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10 2.5 End-of-Chapter Material
The European continent extends from the North Atlantic Ocean to the Ural Mountains in Russia. The Russian segment of the European continent is usually studied with Russia as a whole. Europe is bordered by the Arctic Ocean to the north, the Atlantic Ocean to the west, and the Mediterranean Sea to the south.
The Gulf Stream helps create a type C climate for much of Western Europe. Type D climates dominate the north and eastern portions of Eastern Europe. Europe has four main physical landforms that provide a diversity of resources for human activity.
European colonialism brought increased wealth and economic activity to Western Europe. The Industrial Revolution also began here. Europe developed into an industrialized realm with powerful economic forces that continue to drive the postindustrial engine of globalization. Rural-to-urban shift and urbanization were products of industrialization. The result for Europe has been smaller families and higher incomes.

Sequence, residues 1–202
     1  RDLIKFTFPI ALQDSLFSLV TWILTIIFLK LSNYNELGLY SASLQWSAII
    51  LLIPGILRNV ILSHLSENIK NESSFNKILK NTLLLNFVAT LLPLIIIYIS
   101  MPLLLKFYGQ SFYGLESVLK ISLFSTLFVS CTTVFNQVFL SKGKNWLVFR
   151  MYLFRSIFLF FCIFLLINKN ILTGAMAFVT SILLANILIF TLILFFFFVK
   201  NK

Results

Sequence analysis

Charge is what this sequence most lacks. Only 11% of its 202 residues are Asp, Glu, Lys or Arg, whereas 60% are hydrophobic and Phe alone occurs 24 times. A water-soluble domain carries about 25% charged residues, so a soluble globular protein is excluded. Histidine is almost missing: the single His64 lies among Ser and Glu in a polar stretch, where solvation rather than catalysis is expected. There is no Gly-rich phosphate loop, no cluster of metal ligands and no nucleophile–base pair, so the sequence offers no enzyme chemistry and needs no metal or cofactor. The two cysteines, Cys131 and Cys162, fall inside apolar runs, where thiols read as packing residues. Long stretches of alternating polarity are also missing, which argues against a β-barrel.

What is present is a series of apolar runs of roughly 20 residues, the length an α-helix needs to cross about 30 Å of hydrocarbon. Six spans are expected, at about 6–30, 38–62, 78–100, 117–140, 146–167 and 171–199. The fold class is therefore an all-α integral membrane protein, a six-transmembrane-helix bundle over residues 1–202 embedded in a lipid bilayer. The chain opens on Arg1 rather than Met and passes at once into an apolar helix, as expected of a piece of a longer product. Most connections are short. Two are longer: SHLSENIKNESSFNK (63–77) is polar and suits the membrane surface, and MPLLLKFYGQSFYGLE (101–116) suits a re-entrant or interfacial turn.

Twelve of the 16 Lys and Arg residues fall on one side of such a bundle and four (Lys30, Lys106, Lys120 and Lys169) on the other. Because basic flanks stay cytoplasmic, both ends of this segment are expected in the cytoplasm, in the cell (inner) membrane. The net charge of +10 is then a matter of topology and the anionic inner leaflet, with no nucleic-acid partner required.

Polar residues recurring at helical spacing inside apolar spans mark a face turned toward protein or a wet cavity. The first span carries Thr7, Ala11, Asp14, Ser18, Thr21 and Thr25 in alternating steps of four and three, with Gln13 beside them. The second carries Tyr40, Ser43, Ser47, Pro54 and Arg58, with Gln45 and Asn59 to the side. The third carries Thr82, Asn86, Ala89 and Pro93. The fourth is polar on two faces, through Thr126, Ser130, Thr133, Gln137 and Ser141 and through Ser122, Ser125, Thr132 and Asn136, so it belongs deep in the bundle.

The Roman Empire created early networks of infrastructure for southern Europe, while the Vikings connected northern Europe through trade and warfare. The latest attempt to unify the European nations is through supranationalism in the formation of the European Union (EU). Countries that have strong economies and stable governments are allowed to join the EU.
Western Europe can be divided into various geographic regions based on the points of the compass. The distinctions often relate to the type of economic activity the people are engaged in or are based on cultural traits such as the variations of Christianity or the branches of the Indo-European language.
Since the Soviet Union’s collapse in 1991, Eastern Europe has been transitioning from Communist governments to democratic governments with capitalist-style economies. Some countries have made this transition more easily than others. Many of the more progressive countries have been accepted into the EU. Other countries continue to struggle to establish stable democratic governments and a growing economy.
The breakup of former Yugoslavia is an excellent example of how cultural forces shape geographic areas. The Slavic region that makes up former Yugoslavia was separated through nationalism and strong devolutionary forces. The largest state of Serbia dominated the breakup with the push for a Greater Serbia for Serbs only. The result was the creation of seven smaller states following a nation-state design.